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Foundations set to increase in popularity

Foundations are becoming increasingly attractive vehicles for private clients and will be particularly relevant to those in civil law jurisdictions, say wealth planning experts.

9 November 2012

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“There are some 77 civil law countries in the world, including three out of the four BRIC countries with vast potential workflows,” said Giles Corbin, a partner at Mourant Ozannes.

“Because, for instance, the trust concept is regarded as ‘repugnant’ to Russian law, a foundation, as a civil law construct, represents a much more attractive option where Russian law issues are likely to be in play.”

Foundations are also likely to generate interest from the Middle East market. “Given the vast wealth in the region and the suitability of foundations for the Middle East, it is not surprising that a number of the foundations established for Middle Eastern clients have been of significant size - in excess of US$100m,” said Corbin.

Corbin was a part of the working group that developed and drafted Jersey’s Foundations Law and has been involved in drafting 50 foundations since the law came into force in July 2009.

The island has registered a total of 188 foundations in the three and a half years since the law’s inception, an average of about one a week, which can be categorised in three roughly equal-sized categories: charitable purposes, private family (or dynastic) purposes and special purpose (orphan) vehicles for corporate structures.

Corbin is expecting foundations to increase further in popularity. “Mourant Ozannes in Jersey currently generates 90 per cent of its business from trust-related services and ten per cent from foundation-related services and we expect that in the years ahead foundations work will increase,” he said.

Part of the attraction of foundations is that they remove a number of the uncertainties associated with trusts. They are less susceptible to sham attack, give confidence to the founder as the assets are owned by the foundation, itself a distinct legal entity, and give a multiplicity of control retention mechanisms over key decisions for the founder while offering a higher level of confidentiality than trusts, said Corbin.

“For service providers, the foundations law does not confer the same standard of fiduciary responsibility upon council members as is true for the trustees under trusts law,” he continued.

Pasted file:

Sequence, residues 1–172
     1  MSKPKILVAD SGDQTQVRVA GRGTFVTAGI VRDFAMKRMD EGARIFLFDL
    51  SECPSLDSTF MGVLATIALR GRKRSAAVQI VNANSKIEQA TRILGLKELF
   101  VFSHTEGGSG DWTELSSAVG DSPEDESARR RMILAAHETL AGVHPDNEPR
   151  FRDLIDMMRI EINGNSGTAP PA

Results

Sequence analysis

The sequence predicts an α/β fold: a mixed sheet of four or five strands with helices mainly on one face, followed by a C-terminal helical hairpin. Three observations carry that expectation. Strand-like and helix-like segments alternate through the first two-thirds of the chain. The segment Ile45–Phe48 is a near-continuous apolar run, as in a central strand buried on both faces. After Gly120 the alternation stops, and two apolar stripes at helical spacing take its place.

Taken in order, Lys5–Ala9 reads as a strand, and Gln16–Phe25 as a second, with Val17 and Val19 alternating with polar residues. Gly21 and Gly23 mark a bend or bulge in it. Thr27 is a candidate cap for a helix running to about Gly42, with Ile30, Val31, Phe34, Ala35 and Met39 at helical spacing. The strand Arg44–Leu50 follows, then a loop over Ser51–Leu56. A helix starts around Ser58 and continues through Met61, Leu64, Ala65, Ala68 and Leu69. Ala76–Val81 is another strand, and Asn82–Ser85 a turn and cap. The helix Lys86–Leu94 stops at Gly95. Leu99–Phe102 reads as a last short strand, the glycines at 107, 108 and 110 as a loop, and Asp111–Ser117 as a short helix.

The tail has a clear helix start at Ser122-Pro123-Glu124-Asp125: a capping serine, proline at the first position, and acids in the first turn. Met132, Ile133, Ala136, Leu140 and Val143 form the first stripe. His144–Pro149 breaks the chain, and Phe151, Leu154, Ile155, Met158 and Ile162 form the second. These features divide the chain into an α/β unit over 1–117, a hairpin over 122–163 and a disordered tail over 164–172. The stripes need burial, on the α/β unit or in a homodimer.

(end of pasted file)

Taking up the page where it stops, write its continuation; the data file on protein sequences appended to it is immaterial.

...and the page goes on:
“The standard is more akin to that directors owe under company law, in that service providers who act as council members owe duties to the foundation rather than to the beneficiaries. As such, council members only have one master.

“This is clearly not the case for trusts where duties are owed to a group of beneficiaries, many of whom who have competing interests,” he said.

Corbin gave examples of where foundations had been used in practice, including for a Swiss resident who wanted to establish a philanthropic infinite duration vehicle to preserve tracts of rainforest, a Luxembourg fund promoter who wanted an orphan manager and a Russian family who wanted a vehicle to hold property in Moscow, Egypt and London.

“It’s an important addition to Jersey – and now Guernsey’s – range of tools in the wealth management space,” he concluded.

Guernsey’s draft foundations law was approved in July this year and is expected to come into force in early 2013.

“Guernsey’s motivation for bringing in foundations is similar to Jersey’s,” said St John Robilliard, joint head of the international trusts and private client practice at Mourant Ozannes.

“Clients have often struggled with the fact that a trust is an expression of a relationship based on property law rather than being a separate legal entity. Foundations address this challenge,” Robilliard said.

“The founder of a foundation under Guernsey law will have no right, in his capacity as founder, to foundation property. There will be no concerns over foundation assets reverting to the founder as you might find with a trust.

“Guernsey’s registration process involves a combination of public and private registration: the public register will be sufficient to demonstrate that a particular foundation exists while a private register is needed to allow regulatory and anti-money laundering oversight.”

Robilliard pointed out that, unlike a Jersey foundation, the founder must make an initial endowment and there is no requirement for the council of members to contain a Guernsey resident and licensed fiduciary, but in that situation a Guernsey licensed fiduciary would have to act as resident agent.

“The resident agent will have the right, but not the obligation, to obtain information in respect of the foundation from the council. Beneficiaries under Guernsey foundations will either be enfranchised beneficiaries, with a right to information, or disenfranchised beneficiaries who will have no right whatsoever to information.

“While Guernsey has implemented reservation of powers to the founder, similar to those in the trust law and in Jersey’s equivalent foundations law, there is a distinction. Certain powers can only be reserved during the founder’s lifetime and if the founder is a corporate entity such powers can only be reserved for 50 years,” he said.

Corbin and Robilliard were speaking at a seminar on foundations in London at the beginning of November that was hosted jointly by Nerine Group of Fiduciaries and Mourant Ozannes.

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Tax & Wealth structuring Wills, Trusts & Probate